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Stewart v. Schult

UNITED STATES DISTRICT COURT NORTHERN DISTRICT OF NEW YORK


January 5, 2009

WILLIE STEWART, PETITIONER,
v.
DEBORAH SCHULT, RESPONDENT.

REPORT AND RECOMMENDATION

I. INTRODUCTION

Petitioner Willie Stewart, acting pro se, commenced this action seeking habeas corpus relief pursuant to 28 U.S.C. § 2241. Petitioner is an inmate at the Federal Correctional Institution ("FCI") Gilmer in Glenville, West Virginia. In 1984, Petitioner was convicted in the District of Columbia for carrying a pistol without a license and possession with intent to distribute a controlled substance and was sentenced to a term of imprisonment. Petitioner was later paroled. Petitioner does not challenge his conviction. Instead, he contests the decision of a hearing examiner at the Federal Detention Center ("FDC") in Philadelphia, Pennsylvania recommending that his parole be revoked.

This matter was referred to the undersigned by the Honorable Norman A. Mordue, Chief United States District Judge, pursuant to 28 U.S.C. § 636(b)(1)(A) and (B), and is presently before this Court for a report and recommendation. (Docket No. 12).

II. BACKGROUND

A. Facts

In June of 1984, Petitioner, who is sixty-two (62) years old as of 2008, was sentenced to a two (2) to six (6) year prison term by the United States District Court of the District of Columbia for carrying a pistol without a license and possession with intent to distribute a controlled substance in February of 1984. (Docket No. 11 at "Exhibit B"). Petitioner began serving his sentence on June 20, 1988 and was later paroled on June 18, 1990 by the United States Parole Commission ("Commission"). (Docket No. 11 at "Exhibit D").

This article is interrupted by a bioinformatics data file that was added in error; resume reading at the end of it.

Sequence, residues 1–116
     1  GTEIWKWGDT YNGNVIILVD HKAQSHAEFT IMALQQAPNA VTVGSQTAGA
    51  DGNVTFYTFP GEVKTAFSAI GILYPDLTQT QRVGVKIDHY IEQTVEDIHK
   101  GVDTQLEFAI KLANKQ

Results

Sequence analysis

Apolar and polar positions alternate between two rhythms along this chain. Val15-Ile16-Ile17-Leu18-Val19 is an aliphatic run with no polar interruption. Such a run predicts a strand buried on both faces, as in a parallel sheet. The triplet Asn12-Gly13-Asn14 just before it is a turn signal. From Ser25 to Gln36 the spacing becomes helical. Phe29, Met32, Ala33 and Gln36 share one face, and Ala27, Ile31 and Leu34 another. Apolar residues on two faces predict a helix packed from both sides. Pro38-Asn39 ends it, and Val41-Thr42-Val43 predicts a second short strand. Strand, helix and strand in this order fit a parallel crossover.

On February 4, 1992, the Commission issued a parole violator warrant for Petitioner's violation of the conditions of his release by failing to report his arrest for firearms related criminal offenses. (Id. at "Exhibit E"). The warrant was to be lodged as a detainer if Petitioner was already in custody or if there were other outstanding criminal warrants against him. (Id.). Thereafter, the Commission learned that Petitioner had also been convicted and sentenced in Virginia in August of 1993 to a twenty-seven (27) year prison term for robbery, use of a firearm during a felony, and a possession of a firearm by a convicted felon. (Id. at "Exhibit F"). In September of 1993, the Commission added these new crimes as parole violation charges in a supplemental warrant that was placed as a detainer against Petitioner at the Greensville Correctional Center in Jarrett, Virginia.

On December 21, 1996, the Commission conducted a dispositional review of the warrant and decided to leave the warrant as a detainer with state authorities. (Id. at "Exhibit I"). Thereafter, the warrant was executed and Petitioner was arrested on the parole violator warrant on September 21, 2006. (Id. at "Exhibit J"). In November of 2006, Petitioner was notified by the Commission that it had found probable cause as a result of Petitioner's 1993 state convictions for parole violations to continue with revocation proceedings against Petitioner. (Id. at "Exhibit K").

Petitioner was then transferred to the FDC Philadelphia, Pennsylvania where he participated in a final parole revocation hearing on February 17, 2007. (Id. at "Exhibit L"). Petitioner admitted all of the charges and evidence of his guilt on the criminal charges was presented in the form of certified documents establishing Petitioner's Virginia state convictions. After the revocation hearing, the Commission revoked Petitioner's parole, and forfeited all of the time he had spent on parole, and continued him to the expiration of the remainder of his original six year District of Columbia sentence. (Id. at "Exhibit M").

Sometime after the Commission's decision, Petitioner was transferred to FCI Ray Brook in New York State, where, prior to his transfer to Gilmer, he filed the instant petition contesting the decision of the Commission and requesting immediate release from incarceration. (Docket No. 5).

B. Federal Habeas Corpus Proceedings

Petitioner, proceeding pro se, commenced this action on October 9, 2007, by filing a Petition for a Writ of Habeas Corpus pursuant to 28 U.S.C. § 2241. (Docket No. 1). Thereafter, he filed an Amended Petition on December 28, 2007. (Docket No. 5). At the time he filed his petition, Petitioner had been transferred to and was an inmate at FCI Ray Brook in New York State.*fn1 In his Petition, Petitioner contests the decision of the Commission to revoke his parole and requests immediate release from incarceration. (Docket No. 5).

III. DISCUSSION

A. Federal Habeas Corpus Standard